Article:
It’s a busy week over at the Amputee Coalition. Two big pieces of news have come out, and both require action on your part.
First, registration is now open for the organization’s annual conference. The all-online event will take place August 19 through 22, with tracks on health and wellness, work and career, youth and family, and community engagement. There will be informational sessions about the challenges brought on by COVID-19. You’ll be able to interact with presenters and fellow participants during live online sessions, and to connect in community roundtables. And you’ll have the opportunity to watch recordings of any sessions you may have missed (or wish to watch again) after the conference is over. There will even be a virtual exhibit hall.
With reduced registration fees and no travel or lodging expenses, the conference is especially accessible this year. We’ll keep you apprised of programming details as more information becomes available. If you’re ready to pull the trigger, here’s the registration page.
The second piece of news comes out of Washington, D.C., where Senator Marsha Blackburn (R-TN) and Senator Tammy Duckworth (D-IL) introduced the Access to Assistive Technology and Devices for Americans Study Act. A key preliminary step to improving amputees’ access to fair insurance, this bill directs the Government Accountability Office (GAO) to identify barriers to care, gaps in assessments and prescriptions, and performance measures for timely coverage. It will also study the economic impacts (including return-to-work rates) of current policies, while providing an “apples to apples” comparison of care and outcomes across insurance sectors (Medicare, VA, Department of Defense, and private insurance).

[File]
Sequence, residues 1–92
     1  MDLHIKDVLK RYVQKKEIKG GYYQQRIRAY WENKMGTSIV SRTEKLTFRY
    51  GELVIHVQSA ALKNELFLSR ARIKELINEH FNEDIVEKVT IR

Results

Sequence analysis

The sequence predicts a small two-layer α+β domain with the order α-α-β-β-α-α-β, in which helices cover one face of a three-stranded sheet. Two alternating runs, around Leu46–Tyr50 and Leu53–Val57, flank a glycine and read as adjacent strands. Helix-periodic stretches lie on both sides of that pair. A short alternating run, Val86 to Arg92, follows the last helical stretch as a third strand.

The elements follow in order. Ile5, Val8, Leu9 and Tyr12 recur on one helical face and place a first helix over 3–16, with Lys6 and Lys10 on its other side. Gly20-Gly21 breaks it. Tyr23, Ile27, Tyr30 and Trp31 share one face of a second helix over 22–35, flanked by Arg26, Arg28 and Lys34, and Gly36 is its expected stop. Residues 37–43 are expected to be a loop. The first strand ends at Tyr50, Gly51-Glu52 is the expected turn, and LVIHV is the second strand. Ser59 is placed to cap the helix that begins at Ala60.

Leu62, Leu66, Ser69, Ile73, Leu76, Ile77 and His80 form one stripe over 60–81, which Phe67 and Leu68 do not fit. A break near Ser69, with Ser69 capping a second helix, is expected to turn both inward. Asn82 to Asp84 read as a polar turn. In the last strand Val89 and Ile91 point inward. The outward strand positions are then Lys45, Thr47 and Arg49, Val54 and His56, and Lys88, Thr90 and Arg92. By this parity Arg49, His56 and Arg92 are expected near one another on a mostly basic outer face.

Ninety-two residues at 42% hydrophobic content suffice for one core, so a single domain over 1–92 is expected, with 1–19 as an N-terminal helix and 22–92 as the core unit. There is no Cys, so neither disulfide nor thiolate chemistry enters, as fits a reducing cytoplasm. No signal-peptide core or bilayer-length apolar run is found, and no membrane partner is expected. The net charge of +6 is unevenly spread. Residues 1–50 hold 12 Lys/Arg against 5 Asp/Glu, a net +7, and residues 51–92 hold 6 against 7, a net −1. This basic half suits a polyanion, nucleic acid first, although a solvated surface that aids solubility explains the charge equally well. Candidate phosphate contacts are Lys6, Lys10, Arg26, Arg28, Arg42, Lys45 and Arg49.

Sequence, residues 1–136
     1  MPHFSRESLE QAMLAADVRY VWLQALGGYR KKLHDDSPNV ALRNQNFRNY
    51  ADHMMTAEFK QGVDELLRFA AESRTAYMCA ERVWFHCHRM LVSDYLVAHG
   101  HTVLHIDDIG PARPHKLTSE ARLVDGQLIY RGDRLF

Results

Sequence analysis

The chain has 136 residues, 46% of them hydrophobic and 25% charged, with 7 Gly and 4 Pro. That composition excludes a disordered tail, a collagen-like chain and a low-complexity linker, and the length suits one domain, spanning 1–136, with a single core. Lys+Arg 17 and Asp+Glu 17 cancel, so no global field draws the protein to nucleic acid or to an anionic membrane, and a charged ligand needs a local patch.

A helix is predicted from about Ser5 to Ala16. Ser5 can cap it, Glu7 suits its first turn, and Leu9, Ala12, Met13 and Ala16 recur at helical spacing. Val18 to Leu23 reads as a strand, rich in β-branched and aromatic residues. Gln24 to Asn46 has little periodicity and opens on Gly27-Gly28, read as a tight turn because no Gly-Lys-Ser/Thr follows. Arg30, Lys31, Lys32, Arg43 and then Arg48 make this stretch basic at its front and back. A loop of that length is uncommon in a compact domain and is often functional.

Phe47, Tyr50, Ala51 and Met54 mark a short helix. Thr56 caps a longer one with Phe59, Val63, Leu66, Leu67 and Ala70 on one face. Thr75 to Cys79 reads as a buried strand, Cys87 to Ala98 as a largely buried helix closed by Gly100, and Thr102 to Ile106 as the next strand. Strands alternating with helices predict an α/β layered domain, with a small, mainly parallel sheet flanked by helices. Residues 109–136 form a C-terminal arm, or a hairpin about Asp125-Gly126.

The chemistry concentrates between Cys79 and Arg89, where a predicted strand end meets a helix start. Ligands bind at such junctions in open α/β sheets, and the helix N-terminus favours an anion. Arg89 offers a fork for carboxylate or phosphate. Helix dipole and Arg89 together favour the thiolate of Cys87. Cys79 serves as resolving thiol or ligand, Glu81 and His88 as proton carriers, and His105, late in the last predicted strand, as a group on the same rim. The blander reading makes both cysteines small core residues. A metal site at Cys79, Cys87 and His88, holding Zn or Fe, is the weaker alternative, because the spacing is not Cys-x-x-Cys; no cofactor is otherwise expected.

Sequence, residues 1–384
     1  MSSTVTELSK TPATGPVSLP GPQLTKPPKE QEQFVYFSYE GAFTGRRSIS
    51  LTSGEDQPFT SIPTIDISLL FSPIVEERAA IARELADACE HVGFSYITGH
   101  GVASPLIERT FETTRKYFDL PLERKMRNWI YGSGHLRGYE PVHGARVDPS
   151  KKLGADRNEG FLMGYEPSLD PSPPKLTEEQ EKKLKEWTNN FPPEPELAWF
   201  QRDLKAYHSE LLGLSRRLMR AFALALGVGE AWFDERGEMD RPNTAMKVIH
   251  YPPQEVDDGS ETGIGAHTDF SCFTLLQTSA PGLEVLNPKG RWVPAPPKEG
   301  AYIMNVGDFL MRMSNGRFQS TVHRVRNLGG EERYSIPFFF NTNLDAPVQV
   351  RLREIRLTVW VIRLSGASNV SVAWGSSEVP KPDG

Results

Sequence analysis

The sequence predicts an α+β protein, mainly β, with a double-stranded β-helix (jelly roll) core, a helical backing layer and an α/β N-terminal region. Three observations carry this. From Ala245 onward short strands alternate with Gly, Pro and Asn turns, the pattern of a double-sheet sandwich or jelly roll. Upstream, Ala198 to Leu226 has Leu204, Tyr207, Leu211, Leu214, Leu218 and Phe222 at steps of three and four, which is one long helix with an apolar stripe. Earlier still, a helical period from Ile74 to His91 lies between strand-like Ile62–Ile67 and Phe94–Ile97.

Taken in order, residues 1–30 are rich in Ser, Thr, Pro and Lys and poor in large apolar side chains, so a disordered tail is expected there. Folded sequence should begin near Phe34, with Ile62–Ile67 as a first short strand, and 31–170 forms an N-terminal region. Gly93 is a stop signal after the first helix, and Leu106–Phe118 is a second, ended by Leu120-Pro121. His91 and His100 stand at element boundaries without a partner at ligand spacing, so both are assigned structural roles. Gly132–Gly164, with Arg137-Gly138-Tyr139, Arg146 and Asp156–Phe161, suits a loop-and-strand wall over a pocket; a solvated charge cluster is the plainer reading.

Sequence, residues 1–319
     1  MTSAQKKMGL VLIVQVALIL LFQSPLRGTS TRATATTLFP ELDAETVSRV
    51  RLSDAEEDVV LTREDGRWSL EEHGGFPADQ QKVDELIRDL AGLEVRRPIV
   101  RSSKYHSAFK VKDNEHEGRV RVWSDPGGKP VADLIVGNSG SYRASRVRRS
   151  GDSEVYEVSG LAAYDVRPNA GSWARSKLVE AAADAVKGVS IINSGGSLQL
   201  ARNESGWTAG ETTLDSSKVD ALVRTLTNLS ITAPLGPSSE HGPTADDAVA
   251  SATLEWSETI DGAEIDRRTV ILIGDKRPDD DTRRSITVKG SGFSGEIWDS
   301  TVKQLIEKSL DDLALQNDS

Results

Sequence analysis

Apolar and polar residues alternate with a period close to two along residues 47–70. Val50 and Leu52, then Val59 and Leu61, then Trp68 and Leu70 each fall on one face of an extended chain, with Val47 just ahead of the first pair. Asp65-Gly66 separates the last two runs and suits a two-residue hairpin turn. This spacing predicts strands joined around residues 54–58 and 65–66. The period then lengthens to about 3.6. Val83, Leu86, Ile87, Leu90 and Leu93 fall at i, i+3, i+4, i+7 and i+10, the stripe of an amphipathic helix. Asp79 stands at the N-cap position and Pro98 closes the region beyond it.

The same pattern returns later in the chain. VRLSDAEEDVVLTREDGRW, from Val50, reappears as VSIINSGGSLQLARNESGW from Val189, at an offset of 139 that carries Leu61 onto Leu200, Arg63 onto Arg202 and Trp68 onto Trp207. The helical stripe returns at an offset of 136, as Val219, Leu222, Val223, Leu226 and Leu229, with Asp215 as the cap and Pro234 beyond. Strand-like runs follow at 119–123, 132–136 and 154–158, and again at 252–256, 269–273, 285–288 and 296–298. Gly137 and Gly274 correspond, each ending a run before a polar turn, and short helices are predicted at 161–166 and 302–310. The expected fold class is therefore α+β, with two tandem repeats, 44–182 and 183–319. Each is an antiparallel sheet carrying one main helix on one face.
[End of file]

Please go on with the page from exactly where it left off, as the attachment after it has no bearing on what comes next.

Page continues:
“This bill is the first of its kind, and the first one in seven years that directly addresses the needs and challenges in accessing care for the limb loss and limb difference community,” says Jeffrey Cain, M.D., Chair of the Amputee Coalition Board of Directors. “The bipartisan collaboration shown with this bill will help ensure greater access for people with limb loss who need prosthetic devices so they can live the life they most want to and return to their independence and ability to engage in their community.”
There are real opportunities during the remainder of this congressional session for this bill to advance. It may get folded into a COVID relief package, a funding extender, or the budget omnibus. The Coalition is asking everyone to contact their senators and urge them to support the legislation.